Wednesday the House Committee on Constitutional Revisions held a public hearing on a proposed resolution to amend our State’s Constitution. This amendment would permit the Legislature to pass bills that would authorize counties to exempt new or existing businesses from paying a tangible personal property tax. This exemption would apply only to new personal property or equipment purchased after a date set by the county.
The hearing was well attended by representatives of state and local governments, large and small businesses, union and non-union representatives and private citizens. Comments were across the board.
Business and Industry Council’s representative spoke in favor of the amendment. A member of the WV Think Tank presented research that showed the business personal property tax is not a major issue in a business’s decision to locate in WV. Concern that this constitutional amendment would affect a county’s revenue for use on education, transportation and infrastructure was voiced by representatives of local government. The response to this revenue question was presented in two ways.
The first response indicated that this constitutional amendment would not have any impact on a county’s revenue because this exemption would only apply to personal property or equipment purchased after a date certain (meaning that a county is not receiving any revenue currently from personal property not yet owner/purchased and therefore, the county has not lost any revenue).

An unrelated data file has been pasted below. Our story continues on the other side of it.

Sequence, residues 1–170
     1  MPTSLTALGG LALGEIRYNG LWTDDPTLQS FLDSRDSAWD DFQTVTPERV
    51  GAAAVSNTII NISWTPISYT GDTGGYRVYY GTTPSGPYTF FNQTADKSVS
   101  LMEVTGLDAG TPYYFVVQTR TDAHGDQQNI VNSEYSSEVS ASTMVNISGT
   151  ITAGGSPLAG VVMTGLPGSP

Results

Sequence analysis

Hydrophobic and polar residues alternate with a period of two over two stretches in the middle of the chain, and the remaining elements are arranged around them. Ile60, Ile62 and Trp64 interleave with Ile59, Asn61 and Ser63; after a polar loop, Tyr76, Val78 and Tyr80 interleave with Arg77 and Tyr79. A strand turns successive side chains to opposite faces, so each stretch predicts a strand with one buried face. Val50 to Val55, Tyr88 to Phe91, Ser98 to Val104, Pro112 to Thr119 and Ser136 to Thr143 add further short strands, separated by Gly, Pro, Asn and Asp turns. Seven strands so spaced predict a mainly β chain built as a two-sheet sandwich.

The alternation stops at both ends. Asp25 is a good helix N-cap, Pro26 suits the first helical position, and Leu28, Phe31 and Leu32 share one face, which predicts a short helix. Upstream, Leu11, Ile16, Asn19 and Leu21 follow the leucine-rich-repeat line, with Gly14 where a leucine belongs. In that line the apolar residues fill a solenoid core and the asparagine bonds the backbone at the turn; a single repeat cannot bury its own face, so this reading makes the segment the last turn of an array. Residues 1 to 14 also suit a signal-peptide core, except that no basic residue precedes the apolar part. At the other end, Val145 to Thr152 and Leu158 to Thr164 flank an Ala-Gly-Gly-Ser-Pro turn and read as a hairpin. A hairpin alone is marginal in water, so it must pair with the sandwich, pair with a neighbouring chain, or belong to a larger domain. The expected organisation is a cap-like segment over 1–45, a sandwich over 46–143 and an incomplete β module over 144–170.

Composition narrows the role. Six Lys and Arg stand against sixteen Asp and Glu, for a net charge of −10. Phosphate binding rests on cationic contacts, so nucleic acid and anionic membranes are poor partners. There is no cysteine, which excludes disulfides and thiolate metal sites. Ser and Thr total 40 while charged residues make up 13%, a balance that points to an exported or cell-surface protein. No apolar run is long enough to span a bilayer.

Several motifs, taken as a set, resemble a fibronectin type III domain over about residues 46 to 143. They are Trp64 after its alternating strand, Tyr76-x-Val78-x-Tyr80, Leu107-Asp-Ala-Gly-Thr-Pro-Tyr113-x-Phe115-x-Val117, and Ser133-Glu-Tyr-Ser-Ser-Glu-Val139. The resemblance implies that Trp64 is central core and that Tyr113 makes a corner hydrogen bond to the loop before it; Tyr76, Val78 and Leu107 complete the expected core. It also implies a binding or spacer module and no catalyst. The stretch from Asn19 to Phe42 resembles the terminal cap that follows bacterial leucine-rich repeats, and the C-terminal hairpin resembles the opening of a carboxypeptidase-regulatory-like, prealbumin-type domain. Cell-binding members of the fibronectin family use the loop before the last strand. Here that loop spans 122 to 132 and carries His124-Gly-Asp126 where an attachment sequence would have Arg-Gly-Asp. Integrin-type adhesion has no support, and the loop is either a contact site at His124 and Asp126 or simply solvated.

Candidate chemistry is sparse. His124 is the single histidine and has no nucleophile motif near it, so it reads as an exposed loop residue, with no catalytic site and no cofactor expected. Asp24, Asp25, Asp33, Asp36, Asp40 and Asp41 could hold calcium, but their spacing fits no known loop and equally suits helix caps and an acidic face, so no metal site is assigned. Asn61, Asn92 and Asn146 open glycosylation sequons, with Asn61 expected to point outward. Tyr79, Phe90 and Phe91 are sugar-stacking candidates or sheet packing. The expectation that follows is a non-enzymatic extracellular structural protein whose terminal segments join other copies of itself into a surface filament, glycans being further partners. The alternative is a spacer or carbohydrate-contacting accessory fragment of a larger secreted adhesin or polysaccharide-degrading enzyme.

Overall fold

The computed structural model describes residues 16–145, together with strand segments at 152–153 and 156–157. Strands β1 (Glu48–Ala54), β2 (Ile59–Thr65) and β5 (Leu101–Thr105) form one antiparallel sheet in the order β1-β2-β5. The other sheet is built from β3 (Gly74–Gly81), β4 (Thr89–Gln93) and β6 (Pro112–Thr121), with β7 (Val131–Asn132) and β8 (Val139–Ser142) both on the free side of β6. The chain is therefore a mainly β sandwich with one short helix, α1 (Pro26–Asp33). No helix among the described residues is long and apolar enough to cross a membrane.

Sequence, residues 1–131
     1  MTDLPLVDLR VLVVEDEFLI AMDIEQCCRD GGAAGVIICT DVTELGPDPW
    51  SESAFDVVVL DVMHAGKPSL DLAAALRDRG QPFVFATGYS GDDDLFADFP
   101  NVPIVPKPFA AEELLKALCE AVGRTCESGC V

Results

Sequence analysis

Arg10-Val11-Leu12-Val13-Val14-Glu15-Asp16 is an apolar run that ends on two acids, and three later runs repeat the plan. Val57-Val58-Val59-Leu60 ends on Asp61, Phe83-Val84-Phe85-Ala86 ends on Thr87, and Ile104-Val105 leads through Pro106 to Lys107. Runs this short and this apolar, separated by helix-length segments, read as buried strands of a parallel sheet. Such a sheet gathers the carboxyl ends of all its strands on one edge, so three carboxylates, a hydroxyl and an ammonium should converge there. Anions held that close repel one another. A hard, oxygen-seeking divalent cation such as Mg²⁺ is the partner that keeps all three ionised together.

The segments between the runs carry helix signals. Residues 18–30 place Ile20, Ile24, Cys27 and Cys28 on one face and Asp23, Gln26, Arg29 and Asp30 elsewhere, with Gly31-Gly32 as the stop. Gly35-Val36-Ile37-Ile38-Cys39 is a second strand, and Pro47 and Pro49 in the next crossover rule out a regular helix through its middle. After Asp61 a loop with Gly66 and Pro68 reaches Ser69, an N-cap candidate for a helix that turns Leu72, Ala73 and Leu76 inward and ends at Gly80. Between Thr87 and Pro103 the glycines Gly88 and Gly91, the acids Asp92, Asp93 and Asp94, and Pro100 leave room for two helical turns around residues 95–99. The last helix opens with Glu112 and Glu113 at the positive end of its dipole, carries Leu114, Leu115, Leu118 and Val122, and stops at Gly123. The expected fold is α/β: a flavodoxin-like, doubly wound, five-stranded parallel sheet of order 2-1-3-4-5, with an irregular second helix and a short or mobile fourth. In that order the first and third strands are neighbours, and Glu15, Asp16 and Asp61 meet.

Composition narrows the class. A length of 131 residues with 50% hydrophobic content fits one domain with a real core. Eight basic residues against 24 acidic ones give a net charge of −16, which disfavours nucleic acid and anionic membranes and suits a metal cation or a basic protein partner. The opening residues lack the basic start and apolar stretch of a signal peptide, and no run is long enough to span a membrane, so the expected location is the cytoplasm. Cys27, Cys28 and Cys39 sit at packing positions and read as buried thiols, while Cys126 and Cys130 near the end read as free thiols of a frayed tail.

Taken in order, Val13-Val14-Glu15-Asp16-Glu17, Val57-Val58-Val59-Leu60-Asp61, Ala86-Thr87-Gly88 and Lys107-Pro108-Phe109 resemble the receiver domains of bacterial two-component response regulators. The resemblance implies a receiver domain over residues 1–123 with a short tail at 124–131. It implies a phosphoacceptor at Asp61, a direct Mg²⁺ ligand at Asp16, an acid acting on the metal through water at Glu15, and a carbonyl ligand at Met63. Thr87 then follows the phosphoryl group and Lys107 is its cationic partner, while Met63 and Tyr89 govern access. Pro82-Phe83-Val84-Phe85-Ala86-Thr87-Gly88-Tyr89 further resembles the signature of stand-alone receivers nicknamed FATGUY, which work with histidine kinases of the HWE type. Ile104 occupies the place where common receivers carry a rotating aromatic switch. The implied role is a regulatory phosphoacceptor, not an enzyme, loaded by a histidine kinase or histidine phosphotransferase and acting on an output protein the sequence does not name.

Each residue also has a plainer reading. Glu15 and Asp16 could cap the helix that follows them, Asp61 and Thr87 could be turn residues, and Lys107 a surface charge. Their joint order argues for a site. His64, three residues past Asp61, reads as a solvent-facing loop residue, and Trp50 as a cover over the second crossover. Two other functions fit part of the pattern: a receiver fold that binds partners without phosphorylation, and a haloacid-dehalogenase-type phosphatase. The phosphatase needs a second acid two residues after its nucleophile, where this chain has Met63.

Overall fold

The second response indicated that exempting personal property purchased in the future by business will have a chilling affect on a county’s revenue because the county will not receive an increase in revenue from a business’s newly purchased property or equipment (projecting this into the future could mean a decrease in revenue as a result of yearly cost of living increases and no new business personal property tax to shore up the shortage).
The end of the hour long hearing left the members of the committee and the Delegates who sat in on the hearing with a lot of new information and several different and sometimes contradicting views to consider. The next step is up to the Committee on Constitutional Revisions. The Chairwoman must decide whether to take the resolution up in committee. If she decides to address the resolution, then it is up to the members of the committee to decide if the resolution passes out of the committee or dies.
If the resolution is passed it will then be taken up by the Judiciary Committee. If it passes out of Judiciary it will be introduced on the House floor for consideration and passage. Then it must repeat a similar process in the Senate. After that it must be signed by the Governor and then the resolution or Constitutional Amendment must be placed on a ballot and voted on by the citizens of our State. Because amendments to our State Constitution are rarely made this would be a good opportunity to watch and learn the complicated legal process required to amend our Constitution.
The byline “Inside the House” was first used by Del. Otis Leggett and it is with his permission and blessing that I will continue the use the name.
Delegate Patti E. Schoen can be reached at her capitol office at 304-340-3141, on her cell phone at 304-415-0411, or by e-mail at firstname.lastname@example.org. For more information please check out www.pattischoen.us and www.legis.state.wv.us.